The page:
Tinker AFB reviews busy 2012 for bomber maintenance programsPublished: Wed January 23rd, 2013 via: US Air Force
TINKER AIR FORCE BASE, Okla. -- Tinker's bomber maintenance programs continue to compile an impressive list of achievements. Chiefs of the B-1, B-2 and B-52 Divisions here were given an opportunity to brag about the accomplishments of their personnel during the "town hall" meeting Maj. Gen. Dwyer Dennis held Jan. 10.
"This is a dynamic fighter-bomber directorate," said General Dennis, the Program Executive Officer for Fighters and Bombers, Air Force Life Cycle Management Center, Air Force Materiel Command at Wright-Patterson AFB. He is responsible for cost, schedule, performance, and life-cycle management of the Air Force's fighters and bombers portfolio.
The achievements accomplished by the three bomber programs "can't be done without you," the general told military and civilian personnel from the B-1, B-2 and B-52 Systeam Program Offices who gathered in the base theater for the meeting.
· The B-1 fleet recorded, "the highest annual availability rate we've achieved in years," said Col. Michael B. Senseney, AFLCMC Fighters and Bombers Directorate, B-1 Division System Program Manager. In addition, he said, the B-1 amassed the most flying hours in fleet history -- 29,481 -- and record combat hours, too.
The B-1 SPO launched two modification programs last year, the colonel recalled. One was the Integrated Battle Station, a modification that will modernize three of the aircraft's capabilities. The modification will feature installation of the fully-integrated data link, a vertical situation display upgrade, and improvement of the central integrated test system.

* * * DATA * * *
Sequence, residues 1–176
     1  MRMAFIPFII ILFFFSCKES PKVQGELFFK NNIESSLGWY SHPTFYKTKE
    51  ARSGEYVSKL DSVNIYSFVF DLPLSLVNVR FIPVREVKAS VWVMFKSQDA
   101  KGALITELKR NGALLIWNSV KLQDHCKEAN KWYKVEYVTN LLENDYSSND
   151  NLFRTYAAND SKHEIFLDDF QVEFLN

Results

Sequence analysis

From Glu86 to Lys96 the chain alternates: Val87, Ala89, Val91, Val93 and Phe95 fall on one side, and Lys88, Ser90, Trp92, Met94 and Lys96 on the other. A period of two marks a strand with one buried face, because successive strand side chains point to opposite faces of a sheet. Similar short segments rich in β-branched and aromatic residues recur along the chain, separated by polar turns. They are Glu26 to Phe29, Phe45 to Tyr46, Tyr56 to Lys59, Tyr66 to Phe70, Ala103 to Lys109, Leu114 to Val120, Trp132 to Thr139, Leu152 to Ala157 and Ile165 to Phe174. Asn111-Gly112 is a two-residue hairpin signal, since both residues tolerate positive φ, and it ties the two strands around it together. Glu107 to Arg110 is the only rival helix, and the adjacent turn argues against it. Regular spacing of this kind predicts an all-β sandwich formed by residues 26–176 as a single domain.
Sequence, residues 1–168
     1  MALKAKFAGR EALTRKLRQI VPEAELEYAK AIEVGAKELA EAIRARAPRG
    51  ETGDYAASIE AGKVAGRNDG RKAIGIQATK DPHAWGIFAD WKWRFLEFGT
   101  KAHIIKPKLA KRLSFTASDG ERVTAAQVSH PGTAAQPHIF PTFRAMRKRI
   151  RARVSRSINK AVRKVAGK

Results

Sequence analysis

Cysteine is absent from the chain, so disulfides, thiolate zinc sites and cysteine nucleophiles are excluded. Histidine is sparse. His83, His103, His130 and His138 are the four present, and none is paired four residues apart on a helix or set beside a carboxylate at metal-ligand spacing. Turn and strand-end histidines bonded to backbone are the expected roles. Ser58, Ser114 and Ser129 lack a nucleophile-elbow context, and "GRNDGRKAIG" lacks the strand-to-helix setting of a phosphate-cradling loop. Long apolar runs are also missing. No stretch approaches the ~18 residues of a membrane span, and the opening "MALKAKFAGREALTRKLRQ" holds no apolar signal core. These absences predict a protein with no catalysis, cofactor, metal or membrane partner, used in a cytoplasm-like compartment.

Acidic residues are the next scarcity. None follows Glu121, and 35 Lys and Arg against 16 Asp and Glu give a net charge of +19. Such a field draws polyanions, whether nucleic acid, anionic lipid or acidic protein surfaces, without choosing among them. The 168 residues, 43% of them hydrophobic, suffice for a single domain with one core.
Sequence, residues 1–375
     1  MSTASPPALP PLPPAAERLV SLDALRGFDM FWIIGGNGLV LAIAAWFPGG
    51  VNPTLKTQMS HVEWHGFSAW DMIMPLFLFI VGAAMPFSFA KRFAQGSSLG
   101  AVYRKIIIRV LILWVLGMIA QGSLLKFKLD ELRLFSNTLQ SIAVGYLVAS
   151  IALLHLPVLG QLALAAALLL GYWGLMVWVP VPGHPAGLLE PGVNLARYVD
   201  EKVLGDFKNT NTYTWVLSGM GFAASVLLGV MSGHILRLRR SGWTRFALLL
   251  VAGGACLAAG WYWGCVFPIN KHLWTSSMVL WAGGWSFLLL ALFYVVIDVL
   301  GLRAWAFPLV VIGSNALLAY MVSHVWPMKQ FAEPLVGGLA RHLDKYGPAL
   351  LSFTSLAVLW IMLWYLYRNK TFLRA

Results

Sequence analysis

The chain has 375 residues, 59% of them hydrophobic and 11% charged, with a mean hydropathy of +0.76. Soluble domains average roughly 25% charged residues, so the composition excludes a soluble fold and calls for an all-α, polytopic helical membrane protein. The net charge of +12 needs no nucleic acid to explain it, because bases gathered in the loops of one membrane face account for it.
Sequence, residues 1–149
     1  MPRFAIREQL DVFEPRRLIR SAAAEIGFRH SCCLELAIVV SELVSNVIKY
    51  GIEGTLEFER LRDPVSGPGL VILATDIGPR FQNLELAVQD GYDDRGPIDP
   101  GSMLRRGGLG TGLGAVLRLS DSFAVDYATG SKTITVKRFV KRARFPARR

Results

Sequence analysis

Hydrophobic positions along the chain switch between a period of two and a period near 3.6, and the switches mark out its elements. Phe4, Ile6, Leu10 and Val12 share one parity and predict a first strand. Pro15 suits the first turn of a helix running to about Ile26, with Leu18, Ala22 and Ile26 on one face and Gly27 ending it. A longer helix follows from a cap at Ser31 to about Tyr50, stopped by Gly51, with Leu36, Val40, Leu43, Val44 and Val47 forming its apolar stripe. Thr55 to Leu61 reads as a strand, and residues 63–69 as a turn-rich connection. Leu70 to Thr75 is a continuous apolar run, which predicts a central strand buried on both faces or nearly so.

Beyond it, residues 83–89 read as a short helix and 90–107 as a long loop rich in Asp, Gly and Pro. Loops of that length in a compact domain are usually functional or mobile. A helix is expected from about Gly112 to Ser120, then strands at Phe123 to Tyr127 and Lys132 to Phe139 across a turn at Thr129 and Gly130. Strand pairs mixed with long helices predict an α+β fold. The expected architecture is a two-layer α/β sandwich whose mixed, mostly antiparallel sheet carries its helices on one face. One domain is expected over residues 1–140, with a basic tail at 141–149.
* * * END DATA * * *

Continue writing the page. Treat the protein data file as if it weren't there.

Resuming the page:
The other modification started last year was the Inertial Navigation System-Replacement, which "brings the navigation capabilities of the B-1 into the 21st century," said Rick Cantwell, B-1 Logistics Lead.
A Full Scale Fatigue Test is being conducted, Colonel Senseney related. The test is intended to intentionally develop fatigue in parts of the airframe, specifically the wings and fuselage, "to understand the true limit of those major structures and thereby better focus resources for future sustainment," Mr. Cantwell said. An aircraft previously retired to the "Boneyard" at Davis-Monthan AFB in Arizona is being utilized for the fatigue test.
The B-1 SPO also is participating in a concerted effort to reduce programmed depot maintenance flow days from 210 to an average of 120 to 130, the colonel said.
Every five years each B-1 in the Air Force fleet is sent to the Tinker PDM line (the former 76 MXW) to undergo a series of tasks designed by engineers to keep the B-1 aloft, Mr. Cantwell explained.
In years past this programmed maintenance consumed 200 to 240 flow days. In 2011 the B-1 Program Office and the 76th Aircraft Maintenance Group implemented a process known as high-velocity maintenance. "This cut down the flow days, resulting in the aircraft getting back to home station sooner and in greater aircraft availability to the warfighter," Mr. Cantwell noted.
· Sustainment efforts "contributed significantly" to the second-highest B-2 annual mission-capable rate achieved by the B-2 System Program Office, said Lt. Col. Larry Powers, chief of the B-2 bomber branch at Tinker.